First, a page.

Alliteration is a commonly used style of figurative language that most people don’t even realize they are using. The word “alliteration” comes from the Latin word latira, which means “letters of the alphabet.” This may be because alliteration deals directly with the letters that comprise a phrase, and the sounds the words make, instead of the words themselves. It is characterized by a number of words, typically three or more, that have the same first consonant sound within the same sentence or phrase.
Alliteration is typically used to create flow, and to create onomatopoeia when someone is reading aloud, which is why it is often found in poetry and song lyrics. For example:
“Peter Piper Picked a Peck of Pickled Peppers.”
This sentence is alliterative because the “p” sound occurs repeatedly at the beginning of six words. That sound, while making the sentence difficult to say, also creates a puckering effect on the reader’s mouth, much like one would have after eating pickles.
Not all sentences with alliteration have a deeper meaning like that one. Sometimes it can even be accidental. Note that words don’t have to start with the same letters to have alliteration, it is all about the sound of the word.
List of Alliteration Examples in Lyrics
Alliteration is often found in song lyrics, as it lends to the flow of the song and helps the artist remember the lyrics. Here are just a few examples from popular songs:
Example #1: Let it Be (By The Beatles)
“Whisper words of wisdom, let it be.”
The three Ws repeated at the start of the lyrics add to the tone of the overall song. They act to set up those all-important words of wisdom that lend to the song’s title.
Example #2: Human Nature (By Michael Jackson)
“Hear Her Voice
Shake My Window
Sweet Seducing Sighs”
The “s” sound that comes from “sweet,” “seducing,” and “sighs” – one following the other – creates a hushing sound that also forms alliteration. This alliteration does give deeper meaning to the lyrics, as the song is about forbidden love. Note that “shake” is NOT included in the alliteration because, although it begins with an “s”, it does not make the same sound.
Example #3: Big Yellow Taxi (By Joni Mitchell)
“They paved paradise and put up a parking lot.”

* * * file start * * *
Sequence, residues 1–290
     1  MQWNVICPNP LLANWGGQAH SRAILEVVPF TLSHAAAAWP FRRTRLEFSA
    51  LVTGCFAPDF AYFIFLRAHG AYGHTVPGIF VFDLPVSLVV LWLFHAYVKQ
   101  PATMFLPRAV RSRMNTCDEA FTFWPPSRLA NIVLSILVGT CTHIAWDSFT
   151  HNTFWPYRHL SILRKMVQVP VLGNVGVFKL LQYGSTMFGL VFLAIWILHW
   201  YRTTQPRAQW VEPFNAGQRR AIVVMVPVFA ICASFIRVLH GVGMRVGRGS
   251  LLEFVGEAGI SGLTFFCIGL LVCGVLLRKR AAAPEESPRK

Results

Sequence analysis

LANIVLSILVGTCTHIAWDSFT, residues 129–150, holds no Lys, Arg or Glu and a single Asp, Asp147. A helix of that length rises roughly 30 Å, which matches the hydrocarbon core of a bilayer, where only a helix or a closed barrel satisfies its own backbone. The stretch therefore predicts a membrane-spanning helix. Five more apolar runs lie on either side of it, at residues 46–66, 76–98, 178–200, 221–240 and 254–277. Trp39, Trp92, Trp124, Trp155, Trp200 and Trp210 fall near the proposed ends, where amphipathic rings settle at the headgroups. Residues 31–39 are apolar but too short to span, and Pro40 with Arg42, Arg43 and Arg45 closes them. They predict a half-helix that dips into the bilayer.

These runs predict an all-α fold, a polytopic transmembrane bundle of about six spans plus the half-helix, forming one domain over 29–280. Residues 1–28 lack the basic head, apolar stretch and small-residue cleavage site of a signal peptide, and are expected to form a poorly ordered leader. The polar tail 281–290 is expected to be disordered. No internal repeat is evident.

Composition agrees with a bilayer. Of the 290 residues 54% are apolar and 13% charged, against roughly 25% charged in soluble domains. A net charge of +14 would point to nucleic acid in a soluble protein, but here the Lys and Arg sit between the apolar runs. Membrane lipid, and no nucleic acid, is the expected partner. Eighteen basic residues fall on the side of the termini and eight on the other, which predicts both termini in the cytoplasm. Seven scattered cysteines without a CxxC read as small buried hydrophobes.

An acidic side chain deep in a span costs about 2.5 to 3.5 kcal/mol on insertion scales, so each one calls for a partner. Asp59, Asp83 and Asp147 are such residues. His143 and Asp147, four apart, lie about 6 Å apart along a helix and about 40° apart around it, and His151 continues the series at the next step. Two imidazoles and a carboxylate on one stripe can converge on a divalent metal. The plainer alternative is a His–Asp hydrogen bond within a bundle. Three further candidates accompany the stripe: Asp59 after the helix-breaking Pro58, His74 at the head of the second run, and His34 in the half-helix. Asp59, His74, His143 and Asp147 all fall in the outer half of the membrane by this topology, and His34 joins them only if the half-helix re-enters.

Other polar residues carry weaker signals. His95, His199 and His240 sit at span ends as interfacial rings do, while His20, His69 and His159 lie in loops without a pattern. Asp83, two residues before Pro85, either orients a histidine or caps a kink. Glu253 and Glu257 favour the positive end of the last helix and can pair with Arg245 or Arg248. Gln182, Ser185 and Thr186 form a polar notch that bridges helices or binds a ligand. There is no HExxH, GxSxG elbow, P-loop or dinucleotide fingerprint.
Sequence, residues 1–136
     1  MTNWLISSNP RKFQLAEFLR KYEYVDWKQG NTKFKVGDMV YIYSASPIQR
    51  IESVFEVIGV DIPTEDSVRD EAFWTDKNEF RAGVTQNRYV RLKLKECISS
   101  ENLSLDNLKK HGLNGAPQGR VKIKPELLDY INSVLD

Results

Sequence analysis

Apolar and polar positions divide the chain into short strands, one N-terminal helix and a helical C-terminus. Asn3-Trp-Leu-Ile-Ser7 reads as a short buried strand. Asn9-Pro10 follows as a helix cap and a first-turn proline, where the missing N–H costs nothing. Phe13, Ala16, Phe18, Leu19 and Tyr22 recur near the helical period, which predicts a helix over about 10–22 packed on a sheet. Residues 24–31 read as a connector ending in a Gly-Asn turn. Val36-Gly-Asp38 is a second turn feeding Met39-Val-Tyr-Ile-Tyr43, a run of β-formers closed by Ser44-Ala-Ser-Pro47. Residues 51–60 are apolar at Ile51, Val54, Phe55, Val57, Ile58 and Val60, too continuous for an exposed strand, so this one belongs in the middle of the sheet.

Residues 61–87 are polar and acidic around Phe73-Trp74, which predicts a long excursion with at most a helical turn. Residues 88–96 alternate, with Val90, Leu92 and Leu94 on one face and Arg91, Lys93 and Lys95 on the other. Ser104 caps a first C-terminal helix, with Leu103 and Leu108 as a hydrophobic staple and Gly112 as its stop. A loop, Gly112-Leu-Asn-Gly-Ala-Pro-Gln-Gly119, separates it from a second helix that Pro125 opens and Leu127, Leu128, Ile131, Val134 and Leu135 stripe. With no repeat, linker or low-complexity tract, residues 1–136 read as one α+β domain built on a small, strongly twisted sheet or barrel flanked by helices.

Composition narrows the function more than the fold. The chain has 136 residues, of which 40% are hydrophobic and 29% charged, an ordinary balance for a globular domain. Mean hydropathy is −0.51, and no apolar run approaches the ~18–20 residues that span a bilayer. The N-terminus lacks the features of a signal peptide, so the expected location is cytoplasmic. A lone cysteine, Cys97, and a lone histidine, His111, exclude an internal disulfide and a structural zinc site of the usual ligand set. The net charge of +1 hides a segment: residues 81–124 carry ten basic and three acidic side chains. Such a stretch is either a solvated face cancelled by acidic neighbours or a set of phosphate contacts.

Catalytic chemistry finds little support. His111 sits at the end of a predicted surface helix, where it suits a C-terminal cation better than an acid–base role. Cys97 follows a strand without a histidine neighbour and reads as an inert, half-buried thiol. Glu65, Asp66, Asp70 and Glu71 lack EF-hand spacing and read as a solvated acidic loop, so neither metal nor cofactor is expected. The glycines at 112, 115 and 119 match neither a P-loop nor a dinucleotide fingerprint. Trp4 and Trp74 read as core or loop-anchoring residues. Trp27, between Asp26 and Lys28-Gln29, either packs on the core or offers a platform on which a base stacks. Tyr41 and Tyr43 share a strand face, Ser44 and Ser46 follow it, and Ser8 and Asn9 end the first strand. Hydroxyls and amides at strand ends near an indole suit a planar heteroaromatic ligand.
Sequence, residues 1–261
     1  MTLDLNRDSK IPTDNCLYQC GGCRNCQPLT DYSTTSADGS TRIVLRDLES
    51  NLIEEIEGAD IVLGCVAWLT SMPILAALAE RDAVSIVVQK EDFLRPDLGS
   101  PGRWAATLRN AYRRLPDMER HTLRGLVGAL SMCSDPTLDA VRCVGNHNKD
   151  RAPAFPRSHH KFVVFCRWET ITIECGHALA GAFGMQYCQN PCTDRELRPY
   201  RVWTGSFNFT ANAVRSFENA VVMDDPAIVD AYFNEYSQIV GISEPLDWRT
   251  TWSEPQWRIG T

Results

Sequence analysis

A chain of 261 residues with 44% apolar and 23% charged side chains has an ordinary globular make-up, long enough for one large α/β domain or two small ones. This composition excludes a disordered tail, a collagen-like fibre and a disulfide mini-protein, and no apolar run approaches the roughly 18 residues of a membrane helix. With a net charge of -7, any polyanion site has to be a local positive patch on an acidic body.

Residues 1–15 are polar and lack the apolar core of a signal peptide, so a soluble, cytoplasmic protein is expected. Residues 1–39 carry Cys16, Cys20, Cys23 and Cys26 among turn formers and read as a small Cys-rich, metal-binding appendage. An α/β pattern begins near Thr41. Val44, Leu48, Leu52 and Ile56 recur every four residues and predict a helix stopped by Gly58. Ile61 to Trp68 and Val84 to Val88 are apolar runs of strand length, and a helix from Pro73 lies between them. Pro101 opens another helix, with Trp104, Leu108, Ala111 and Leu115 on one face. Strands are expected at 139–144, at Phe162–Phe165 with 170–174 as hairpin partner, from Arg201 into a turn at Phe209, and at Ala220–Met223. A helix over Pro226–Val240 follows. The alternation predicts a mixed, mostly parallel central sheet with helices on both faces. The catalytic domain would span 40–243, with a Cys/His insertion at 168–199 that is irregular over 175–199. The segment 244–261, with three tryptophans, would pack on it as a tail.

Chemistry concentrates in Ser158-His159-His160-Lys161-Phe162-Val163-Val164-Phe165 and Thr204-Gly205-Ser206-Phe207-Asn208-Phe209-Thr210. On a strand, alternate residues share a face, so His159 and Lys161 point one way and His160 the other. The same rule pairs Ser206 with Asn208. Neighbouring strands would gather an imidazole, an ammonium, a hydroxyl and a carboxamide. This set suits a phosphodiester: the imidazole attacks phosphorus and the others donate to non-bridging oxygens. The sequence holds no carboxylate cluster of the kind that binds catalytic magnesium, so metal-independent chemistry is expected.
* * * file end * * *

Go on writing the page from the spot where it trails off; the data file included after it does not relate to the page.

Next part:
The repeated “p” sound in “paved,” “paradise,” “put,” and “parking” is alliterative – both on paper, and when listening to the song. However, listening to the song aloud provides a deeper meaning to the alliteration: the hard “p” sound makes it sound like she is spitting and angry at those who took away paradise.
Example #4: Bad Blood (By Taylor Swift)
“And, baby, now we’ve got bad blood”
Taylor Swift is a masterful lyricist, and her words are often full of double meanings and hidden clues. In Bad Blood, Taylor tells the story of a friendship gone wrong. The “b” sound in “baby,” “bad,” and “blood,” add to the quality of the song. The “b” sound is nowhere near as flowery as her other lyrics, and one can really hear the pain and anger she feels.
Example #5: So Sick (By Ne-Yo)
“Said I’m so sick of love songs, so sad and slow”
Listening to popular music, it is easy to tell that the “s” sound is popular amongst songwriters. In So Sick, Ne-Yo starts more words with that sound than any other sound. This goes well with Ne-Yo’s singing style, as it allows him to seamlessly glide through the words.
Example #6: Far Away (By Nickelback)
“This time, This place
Too long, Too late”
In just three lines of Nickelback’s song, there are three instances of alliteration, two of which also double as repetition. The “th” sound in “this,” along with the hard “t” in “too,” bookend the chorus, allowing for a certain emphasis to be put on those sounds. The “m” sound in “misused” and “mistakes” makes the middle almost haunting. Together, they create one of the most memorable choruses in recent history.
Example #7: Drops of Jupiter (By Train)
“Can you imagine no first dance, freeze dried romance, five-hour phone conversation?”
The alliteration of the “f” sound in Drops of Jupiter allows the lyrics to come quickly from the lead singer’s tongue. The song is packed with emotional lyrics, and the sound in “first,” “freeze,” and “five,” move this line along. As a bonus, there is also some internal rhyme with “dance” and “romance.”
Example #8: Knock You Down (By Keri Hilson)
“So what we gonna have, dessert or disaster?”
The alliteration of the “d” sound in “dessert” and “disaster” connects the two words together, making Hilson’s question even more tempting. The other alliteration is the “w” sound in “what” and “we,” which connects those as well. Notice that if you take only those four words, you still get the basic gist of the song: “What (are) we, dessert (or) disaster.”
Alliteration is everywhere. You won’t be able to drive down the street with the radio playing and not hear it in nearly every song. Many songs only use two words with alliteration, but some have extended alliteration like the ones mentioned above. Be on the lookout – alliteration is everywhere!